It was the antithesis of politics.
The mayor and the lobbyist did not prevaricate. They did not hedge. They did not dodge. They did not blame others for their transgressions. They did not claim to have been misled. They did not blame alcohol or drugs. They made no announcement about checking into rehab. They did not pretend to have sinned in pursuit of some greater good. They did not spin. They neither hemmed nor hawed.
Manuel Maroño, the disgraced former mayor of Sweetwater, and his onetime bagman Jorge Forte found themselves in a forum Wednesday that demanded their absolute clarity. Their plea deals depended on it.
Standing in a courtroom and owning up to criminal behavior would make a lousy day for anyone. But for a politician like Maroño and for a lobbyist like Forte, it must have been an especially frustrating exercise, stifling equivocal explanations that come so naturally to their ilk.
Did you do this? Did you do this willfully? Did you do this knowingly? Did you know what you were doing?
Not often do politicians, knowing that reporters are scribbling down their words, provide such succinct answers. Yes your honor. Yes your honor. Yes your honor. Yes your honor.
Maroño and Forte were well coached by their attorneys, who knew that the famously tough U.S. District Judge William Zloch would not accept some ambiguous admission of guilt, would not brook a corrupt politician or a scheming lobbyist pretending to be put-upon victims of circumstance, forced into a guilty plea. Get cute with Judge Zloch and a deal for a 2½ year prison term could double.
Did you read the plea agreement? Was it factual? “Yes your honor. Yes your honor.” And the agreement and the accompanying proffer make it clear that Maroño and Forte happily pocketed $60,000 in kickbacks to entangle Sweetwater City Hall in a bogus scheme involving federal grant applications.
The two were drawn into the conspiracy by yet another co-defendant, Richard Candia, who had volunteered Mayor Maroño’s name to FBI undercover agents as a local pol amendable to kickback conspiracies. (Candia also implicated Miami Lakes’ Mayor Mike Pizzi — since suspended — who entered a not-guilty plea and has repeatedly told reporters he expects to be cleared.)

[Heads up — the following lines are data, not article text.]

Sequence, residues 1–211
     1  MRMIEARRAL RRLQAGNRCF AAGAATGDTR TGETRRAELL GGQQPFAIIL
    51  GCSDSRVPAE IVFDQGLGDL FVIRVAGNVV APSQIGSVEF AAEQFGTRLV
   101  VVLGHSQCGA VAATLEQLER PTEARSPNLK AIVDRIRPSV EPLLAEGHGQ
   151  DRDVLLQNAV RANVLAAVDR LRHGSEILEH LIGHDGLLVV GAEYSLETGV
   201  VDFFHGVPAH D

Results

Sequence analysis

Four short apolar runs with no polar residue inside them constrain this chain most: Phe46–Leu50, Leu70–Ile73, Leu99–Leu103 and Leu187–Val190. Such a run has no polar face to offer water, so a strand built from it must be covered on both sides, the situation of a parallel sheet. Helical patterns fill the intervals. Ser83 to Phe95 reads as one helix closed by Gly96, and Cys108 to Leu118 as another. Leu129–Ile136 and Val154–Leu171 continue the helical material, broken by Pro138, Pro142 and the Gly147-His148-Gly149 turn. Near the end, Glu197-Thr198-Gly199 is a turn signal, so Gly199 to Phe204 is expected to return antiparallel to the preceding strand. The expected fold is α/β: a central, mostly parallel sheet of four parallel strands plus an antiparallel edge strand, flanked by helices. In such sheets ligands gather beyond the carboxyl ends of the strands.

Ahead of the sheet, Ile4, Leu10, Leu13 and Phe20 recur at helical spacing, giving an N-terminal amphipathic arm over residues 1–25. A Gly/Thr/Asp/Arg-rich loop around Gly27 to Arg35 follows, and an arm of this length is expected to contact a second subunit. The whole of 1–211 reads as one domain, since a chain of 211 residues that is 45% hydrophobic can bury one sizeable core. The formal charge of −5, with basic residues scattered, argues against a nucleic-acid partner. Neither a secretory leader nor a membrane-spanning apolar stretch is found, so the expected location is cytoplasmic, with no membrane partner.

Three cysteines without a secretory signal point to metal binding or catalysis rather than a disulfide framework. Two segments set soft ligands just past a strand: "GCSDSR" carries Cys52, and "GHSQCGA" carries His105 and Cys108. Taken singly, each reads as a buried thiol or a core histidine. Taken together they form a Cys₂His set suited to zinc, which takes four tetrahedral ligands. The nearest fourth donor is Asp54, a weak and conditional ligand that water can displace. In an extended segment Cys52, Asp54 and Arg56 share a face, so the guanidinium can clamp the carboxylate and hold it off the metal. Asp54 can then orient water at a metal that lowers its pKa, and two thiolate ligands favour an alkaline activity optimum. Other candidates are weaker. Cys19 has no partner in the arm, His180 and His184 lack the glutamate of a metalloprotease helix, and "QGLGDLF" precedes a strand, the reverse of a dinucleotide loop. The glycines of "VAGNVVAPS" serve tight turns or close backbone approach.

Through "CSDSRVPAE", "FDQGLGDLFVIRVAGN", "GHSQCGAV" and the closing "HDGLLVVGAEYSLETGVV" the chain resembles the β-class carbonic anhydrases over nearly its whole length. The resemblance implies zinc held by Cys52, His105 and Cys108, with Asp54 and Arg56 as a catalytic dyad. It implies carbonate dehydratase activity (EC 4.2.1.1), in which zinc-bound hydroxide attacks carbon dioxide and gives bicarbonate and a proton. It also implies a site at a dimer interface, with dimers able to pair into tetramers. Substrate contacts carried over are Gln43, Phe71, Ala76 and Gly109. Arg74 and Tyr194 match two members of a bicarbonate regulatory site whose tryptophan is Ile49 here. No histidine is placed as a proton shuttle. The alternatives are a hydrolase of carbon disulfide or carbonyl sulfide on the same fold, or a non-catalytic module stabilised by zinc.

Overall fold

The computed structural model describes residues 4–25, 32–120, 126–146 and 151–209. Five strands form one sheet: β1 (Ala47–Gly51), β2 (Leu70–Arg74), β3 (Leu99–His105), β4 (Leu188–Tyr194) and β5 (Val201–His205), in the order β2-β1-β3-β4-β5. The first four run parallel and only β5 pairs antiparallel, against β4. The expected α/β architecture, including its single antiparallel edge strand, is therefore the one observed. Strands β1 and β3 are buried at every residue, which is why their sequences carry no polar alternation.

Later, when an undercover FBI agent, posing as a crooked businessman from Chicago, asked the Sweetwater mayor, “Is there anything that we could do for you as a result of what you did for us?” Maroño hardly responded like an innocent. He cautioned the agent to work through his bagman Forte: “I will not have that conversation.” Maroño excused himself from the table, while Forte, whom the mayor described as his “right-hand man,” negotiated a payment schedule.
When the feds busted Forte on Aug. 6, Maroño’s lifelong friend quickly capitulated. He admitted that he and the mayor knew damn well they were getting illegal kickbacks. That same day, Forte agreed to wear a wire while he delivered a $5,000 bribe to his good buddy. The mayor took the money and uttered incriminating statements. He admitted in court Wednesday that it was all true, quashing any doubts his constituents in Sweetwater might have had about whether Mayor Manny was really guilty.
He stood between his two lawyers and addressed Judge Zloch. “I did this for personal benefit,” Maroño said. And not much else. For once, a South Florida politician was a study in brevity.